Wyoming Wildlife - July 2023

Double Duty

Walleye (top) and Rainbow Trout (bottom)

Trout and walleye in the same body of water can be challenging for biologists, but it can provide a quality fishery if managed properly.

Art by Zack Even
7/1/2023 12:00:05 AM

The quest to catch trout in Wyoming is tough to beat. These colorful fish are found throughout the Cowboy State, and can be caught a variety of different ways throughout the year. Also, the pursuit of walleye is growing in popularity in Wyoming. These toothy, predatory fish provide a good test for anglers, and their mild-tasting meat is, in a word, delicious.

Rainbow trout is a common and popular species for angler throughout Wyoming. (Photo by Patrick Clayton)

However, these two fish can mean trouble if they share the same body of water. Walleye eat small trout and will cause a quality trout fishery to decline rapidly. When food becomes scarce for walleye, they don’t grow and the result is a population of stunted fish with not enough to eat.
There are a handful of waters around Wyoming with trout and walleye. In all cases, those waters were managed by the Wyoming Game and Fish Department for trout. Walleye were illegally introduced in some waters, and Mother Nature aided their spread into others.
Today, Game and Fish manages these waters for trout and walleye to coexist, and in some cases other species of fish. Those bodies of water provide options for anglers, yet it takes a lot of effort, research and time to make it work.

Walleye angling in Wyoming continues to grow in popularity, but these predatory fish can harm trout populations if not managed properly. (Photo by Patrick Clayton/Eric Engbretson Underwater Photography)

This term is used when cold-water fish like trout and cool-water fish like walleye exist in the same body of water. The primary two-story fisheries in Wyoming are Alcova, Pathfinder and Seminoe reservoirs along the North Platte River in the Casper Region, Boysen Reservoir in the Lander Region and Lake DeSmet near Buffalo in the Sheridan Region.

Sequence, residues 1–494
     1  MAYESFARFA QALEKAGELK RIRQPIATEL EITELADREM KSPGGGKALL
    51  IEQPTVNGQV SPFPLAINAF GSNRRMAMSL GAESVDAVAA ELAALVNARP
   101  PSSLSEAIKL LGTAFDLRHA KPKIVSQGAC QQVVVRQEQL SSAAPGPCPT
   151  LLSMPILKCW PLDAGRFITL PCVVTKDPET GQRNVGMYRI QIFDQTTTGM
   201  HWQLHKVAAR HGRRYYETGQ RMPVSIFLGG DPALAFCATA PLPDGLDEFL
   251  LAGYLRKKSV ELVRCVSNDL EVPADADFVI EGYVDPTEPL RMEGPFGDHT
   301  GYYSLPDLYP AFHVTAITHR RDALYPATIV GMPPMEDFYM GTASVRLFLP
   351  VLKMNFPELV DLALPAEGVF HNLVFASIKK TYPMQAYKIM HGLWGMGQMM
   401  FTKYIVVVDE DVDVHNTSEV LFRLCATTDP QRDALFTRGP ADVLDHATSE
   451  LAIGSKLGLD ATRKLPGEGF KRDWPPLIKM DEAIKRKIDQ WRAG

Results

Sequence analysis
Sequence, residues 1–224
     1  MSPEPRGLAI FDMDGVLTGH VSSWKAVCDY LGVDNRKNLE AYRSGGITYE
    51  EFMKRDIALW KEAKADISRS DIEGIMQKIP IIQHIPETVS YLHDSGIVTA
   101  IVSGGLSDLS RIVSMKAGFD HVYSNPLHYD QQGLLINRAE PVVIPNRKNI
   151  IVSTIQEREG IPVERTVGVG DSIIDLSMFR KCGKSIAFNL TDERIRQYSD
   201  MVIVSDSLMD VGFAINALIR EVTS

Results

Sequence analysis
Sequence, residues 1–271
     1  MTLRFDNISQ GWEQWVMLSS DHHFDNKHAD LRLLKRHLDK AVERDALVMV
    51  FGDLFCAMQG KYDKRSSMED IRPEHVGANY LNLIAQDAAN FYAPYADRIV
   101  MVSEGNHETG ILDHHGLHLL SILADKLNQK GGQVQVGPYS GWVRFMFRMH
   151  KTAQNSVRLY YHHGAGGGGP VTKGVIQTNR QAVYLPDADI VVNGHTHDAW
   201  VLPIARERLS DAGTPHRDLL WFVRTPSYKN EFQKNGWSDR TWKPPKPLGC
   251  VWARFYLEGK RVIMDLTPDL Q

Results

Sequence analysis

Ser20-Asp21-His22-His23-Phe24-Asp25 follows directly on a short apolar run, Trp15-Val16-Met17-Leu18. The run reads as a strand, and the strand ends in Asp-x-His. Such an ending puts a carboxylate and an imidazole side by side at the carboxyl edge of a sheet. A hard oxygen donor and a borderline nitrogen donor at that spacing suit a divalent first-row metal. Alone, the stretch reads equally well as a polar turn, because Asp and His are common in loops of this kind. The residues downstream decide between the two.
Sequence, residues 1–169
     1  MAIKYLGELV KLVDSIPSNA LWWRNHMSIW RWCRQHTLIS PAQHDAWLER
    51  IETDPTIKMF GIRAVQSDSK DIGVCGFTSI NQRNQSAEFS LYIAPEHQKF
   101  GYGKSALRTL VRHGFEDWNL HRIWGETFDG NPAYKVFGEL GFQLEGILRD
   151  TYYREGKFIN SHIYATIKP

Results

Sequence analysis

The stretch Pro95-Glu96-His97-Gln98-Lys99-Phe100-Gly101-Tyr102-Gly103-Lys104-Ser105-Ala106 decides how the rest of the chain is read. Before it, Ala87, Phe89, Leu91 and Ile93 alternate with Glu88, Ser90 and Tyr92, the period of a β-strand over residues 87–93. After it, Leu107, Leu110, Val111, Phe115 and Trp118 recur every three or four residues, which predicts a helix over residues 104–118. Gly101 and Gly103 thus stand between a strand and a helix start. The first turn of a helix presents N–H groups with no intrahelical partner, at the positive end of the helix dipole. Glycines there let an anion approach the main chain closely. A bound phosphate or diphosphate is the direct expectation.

Boysen Reservoir, located in Boysen State Park in central Wyoming, is managed for trout and walleye fishing. The state park provides many recreation and fishing opportunities. (Photo by Patrick Owen/WGFD)

Matt Hahn, Game and Fish fisheries supervisor in the Casper Region, said a big reason for two-story fishery management is demand for both species. He said trout fishing provides decent action for winter ice fishing, and in the spring and fall for shore anglers. Anglers with boats and the right equipment also do well with rainbow trout, especially during the summer when trout seek deeper, cooler water.
The best time to fish for walleye is in the summer when the surface water temperature warms up to about 70 degrees. Hahn said there isn't a large forage base for walleye in Alcova, Pathfinder and Seminoe so growth rates are slower compared to other walleye waters around the country.

Anglers at Boysen Reservoir can enjoy fishing for a variety of fish species including trout and walleye. (Photo by Patrick Owen/WGFD)

Hahn said walleye were first caught by anglers in Seminoe in 1961, and they got there presumably from illegal stocking. When sampling was conducted, it was discovered there were multiple size classes of walleye in the reservoir.
A big water year in 1973 saw water spilled out of Seminoe into Pathfinder, and with it came walleye. The same thing happened in 1985 when water from Pathfinder spilled and entered Alcova.
When those events occurred, the trout fishery in all three reservoirs declined rapidly.
“Back then those trout fisheries were managed by stocking fingerling trout,” Hahn said. “Given the forage limitations, those walleye wiped the trout out. In Seminoe, walleye became the most common species and all were stunted because there was not much food for them and the rainbow trout fishery crashed. We started stocking bigger and bigger rainbows to figure out how the trout could survive.”
The dam at Boysen was rebuilt in the 1950s and when the reservoir was filled, walleye and small trout were stocked. Through the years fish managers learned trout survival was inconsistent and poor.